It’s a new dawn, it’s a new world…. In the evolution of payments. Our existing payment system (based on Mastercard and Visa rails) was built in 50s and 60s of the last century. There has been a certain level of innovation introduced to the card payment ecosystem like contactless payments or digital wallets, nevertheless the underlying infrastructure remains the same.
The rapid technological change has opened the payments space ready for disruptions. Users used to great UX, and convenience provided by tech solutions in other areas expect the same from their banking apps and payment methods.
Technology is not the only factor responsible for recent changes and new additions to the payment ecosystem. The regulatory framework, especially in the EU and the UK, has spruced up the speed of innovation in the financial sector. The regulators in those jurisdictions actively enforce more competition and through regulatory changes. The biggest recent overhaul of the payment regulation was PSD2 which came to life in 2018.
Open Banking payments
What are Open Banking payments?
The newest kid on the block – Open Banking payments is one of the latest developed payment methods. It combines bank transfers with APIs between banks and interfaces provided by a third-party. In practice, you can make payments using your online banking for goods and services online and in-store with pre-filled bank transfers. It takes advantage of free, instant transfers between bank accounts.
How does it work?
The third-party provider will build an application that connects to banking APIs to enable payments and account information data extraction.
Essentially, consumers can pay directly from their bank account to a merchant’s bank account in as seamless way as if they paid with a digital wallet. This allows it to bypass the current card rails system, saving merchants card processing fees.
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eWallet is effectively an account accessible via an app. The differences between traditional bank accounts and e-wallets are mostly in ease of use and competitive fees for customers, especially around FX and foreign money withdrawals.
eWallets are not regulated to the same extent that banks are; however, they are supervised under the e-money license. This means the account number and sort code services behind the e-money licensed apps are provided by a bank. Typically, traditional banks lack good UX and flexible features; hence users’ willingness to try ewallets.
eWallets often come with perks like low or no fees and extra features like stock or crypto trading.
Where did eWallets emerge from?
You might ask what else triggered the proliferation of eWallet providers? Relatively easy access to IBAN and account number services enabled the popularisation of digital wallets. The emergence of regulatory changes like introduction of the emoney license was also a factor in the increased adoption of ewallets.
Digital wallets have brought greater choice for users – both on a consumer side as well as on the business side.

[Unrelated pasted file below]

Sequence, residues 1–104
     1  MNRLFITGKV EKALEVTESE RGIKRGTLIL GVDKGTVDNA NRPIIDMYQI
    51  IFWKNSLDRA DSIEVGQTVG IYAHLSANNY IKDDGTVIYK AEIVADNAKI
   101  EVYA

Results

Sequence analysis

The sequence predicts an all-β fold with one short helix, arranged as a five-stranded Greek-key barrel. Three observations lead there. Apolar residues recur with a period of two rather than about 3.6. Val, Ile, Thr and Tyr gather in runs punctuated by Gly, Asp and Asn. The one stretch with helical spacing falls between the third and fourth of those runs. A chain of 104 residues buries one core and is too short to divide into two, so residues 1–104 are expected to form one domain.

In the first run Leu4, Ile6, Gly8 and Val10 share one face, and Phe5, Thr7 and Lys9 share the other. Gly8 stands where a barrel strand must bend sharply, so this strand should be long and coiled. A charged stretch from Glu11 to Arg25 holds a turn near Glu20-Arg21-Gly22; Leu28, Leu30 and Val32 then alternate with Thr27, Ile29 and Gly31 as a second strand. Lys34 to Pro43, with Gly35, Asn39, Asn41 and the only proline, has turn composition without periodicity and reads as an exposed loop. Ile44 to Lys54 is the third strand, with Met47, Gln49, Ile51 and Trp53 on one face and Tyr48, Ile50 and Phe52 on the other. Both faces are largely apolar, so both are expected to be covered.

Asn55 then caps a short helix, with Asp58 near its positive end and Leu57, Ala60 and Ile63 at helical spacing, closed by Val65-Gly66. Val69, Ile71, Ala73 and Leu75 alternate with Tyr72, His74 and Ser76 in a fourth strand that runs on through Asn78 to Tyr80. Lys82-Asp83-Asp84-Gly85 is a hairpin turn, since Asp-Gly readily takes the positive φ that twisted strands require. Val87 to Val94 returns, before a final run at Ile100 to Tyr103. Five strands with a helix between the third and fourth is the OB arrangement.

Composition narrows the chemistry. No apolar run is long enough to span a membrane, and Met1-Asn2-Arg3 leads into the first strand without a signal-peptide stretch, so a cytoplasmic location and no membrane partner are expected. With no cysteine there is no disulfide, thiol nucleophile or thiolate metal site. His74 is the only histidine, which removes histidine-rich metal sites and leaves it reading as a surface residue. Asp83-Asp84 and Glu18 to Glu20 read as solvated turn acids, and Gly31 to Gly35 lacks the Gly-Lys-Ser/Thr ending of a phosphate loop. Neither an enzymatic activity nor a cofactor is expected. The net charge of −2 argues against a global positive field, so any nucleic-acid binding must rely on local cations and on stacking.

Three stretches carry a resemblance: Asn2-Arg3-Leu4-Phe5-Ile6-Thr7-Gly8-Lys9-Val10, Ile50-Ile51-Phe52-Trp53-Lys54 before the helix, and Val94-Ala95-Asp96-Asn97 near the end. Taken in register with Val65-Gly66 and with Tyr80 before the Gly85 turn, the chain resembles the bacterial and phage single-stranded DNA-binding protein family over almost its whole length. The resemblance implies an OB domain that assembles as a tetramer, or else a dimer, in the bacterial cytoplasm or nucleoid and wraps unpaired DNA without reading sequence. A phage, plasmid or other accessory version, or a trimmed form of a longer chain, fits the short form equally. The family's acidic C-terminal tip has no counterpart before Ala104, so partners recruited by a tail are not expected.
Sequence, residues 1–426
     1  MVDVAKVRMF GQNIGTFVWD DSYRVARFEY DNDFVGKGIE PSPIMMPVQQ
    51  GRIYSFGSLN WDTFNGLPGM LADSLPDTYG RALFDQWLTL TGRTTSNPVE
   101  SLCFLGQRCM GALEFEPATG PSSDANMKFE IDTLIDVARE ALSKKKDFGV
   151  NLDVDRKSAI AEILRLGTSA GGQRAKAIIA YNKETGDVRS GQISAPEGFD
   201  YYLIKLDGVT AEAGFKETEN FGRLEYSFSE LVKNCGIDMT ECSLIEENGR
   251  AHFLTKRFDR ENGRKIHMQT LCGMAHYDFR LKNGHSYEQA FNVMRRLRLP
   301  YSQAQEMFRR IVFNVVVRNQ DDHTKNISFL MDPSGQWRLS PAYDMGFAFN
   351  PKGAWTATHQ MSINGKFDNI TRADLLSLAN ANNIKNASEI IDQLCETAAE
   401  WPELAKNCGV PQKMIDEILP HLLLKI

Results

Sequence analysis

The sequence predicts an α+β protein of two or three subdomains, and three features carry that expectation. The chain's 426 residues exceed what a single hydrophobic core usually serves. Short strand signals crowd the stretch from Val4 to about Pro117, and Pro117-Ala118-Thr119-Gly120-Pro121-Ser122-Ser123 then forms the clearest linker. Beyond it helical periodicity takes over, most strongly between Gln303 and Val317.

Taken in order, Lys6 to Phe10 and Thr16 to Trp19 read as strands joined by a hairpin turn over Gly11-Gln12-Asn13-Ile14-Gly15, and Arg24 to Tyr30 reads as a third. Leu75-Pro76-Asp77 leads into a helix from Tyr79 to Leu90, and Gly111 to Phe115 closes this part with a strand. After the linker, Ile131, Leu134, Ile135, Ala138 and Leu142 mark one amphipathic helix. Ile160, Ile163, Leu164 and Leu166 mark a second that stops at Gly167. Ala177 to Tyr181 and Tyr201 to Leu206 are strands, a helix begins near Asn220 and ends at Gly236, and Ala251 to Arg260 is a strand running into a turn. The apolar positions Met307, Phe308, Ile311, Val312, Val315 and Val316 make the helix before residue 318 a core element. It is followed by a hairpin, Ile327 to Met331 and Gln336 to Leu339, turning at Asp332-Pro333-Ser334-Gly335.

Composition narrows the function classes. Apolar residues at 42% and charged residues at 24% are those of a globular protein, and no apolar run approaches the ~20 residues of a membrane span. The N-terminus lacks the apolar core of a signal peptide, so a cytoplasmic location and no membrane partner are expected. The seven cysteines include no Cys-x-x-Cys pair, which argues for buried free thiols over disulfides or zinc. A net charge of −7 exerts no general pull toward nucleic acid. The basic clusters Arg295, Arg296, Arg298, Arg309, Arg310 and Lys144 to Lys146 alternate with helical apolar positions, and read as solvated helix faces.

QR code payments
What are the QR code payments?
QR code payments are simply a way to communicate payment links between consumers and merchants. QR codes often lead to an online checkout where consumers can pay for goods or services.
What’s under the hood for QR code payments?
QR code payments often work like ecommerce payment connected to cards and ApplePay/GooglePay wallets. Effectively they replace physical terminal payments with digital equivalents. The main drawback of QR code payments is that they only work online. It means Internet access is required to process a payment.
What is crypto?
Crypto currencies are decentralised digital tokens that can be exchanged in the form of a payment. Crypto currencies are built on decentralised networks like blockchain or Ethereum.
Usually, crypto currencies consist of a string of letters and numbers that can be transferred between holders in lieu of payments. Crypto currencies can be stored on digital wallets or offline on hardware wallets.
One of the biggest attractions of crypto currencies is the anonymity of users when making payments. They are not regulated by any financial authorities; hence there is no obligations for standard KYC/KYB and AML checks as with regulated payment methods.
Some of the key drawbacks of crypto currencies include:
High volatility – many cryptocurrencies’ values fluctuate quite significantly. It often makes it uneconomical to use for payments.
Non-reversible transaction – all cryptocurrency transactions are non-reversible so any mistakes cannot be rectified easily.
Prone to hacking – As in recent times cryptocurrencies have increased in value, it makes them an attractive target for hackers.
Not most intuitive or seamless – in the current state, crypto payments are fiddly and not as seamless as cards/wallet payments. It prevents less tech-oriented people from using it.
ePound, eEuro or eYen?
Central Banks all over the world are grappling with the issue of crypto currencies
As custodians of the monetary systems in their respective countries, central banks are feeling the pressure to keep up with the unsupervised cryptocurrencies.
Many central banks, including in China, the EU and the UK, have started working on developing their own digital currencies. In the future, residents of those jurisdictions would be issued with digital currencies directly by central banks. They will also be stored on digital wallets managed by central banks.
This payment method hasn’t been developed yet but could be a game changer.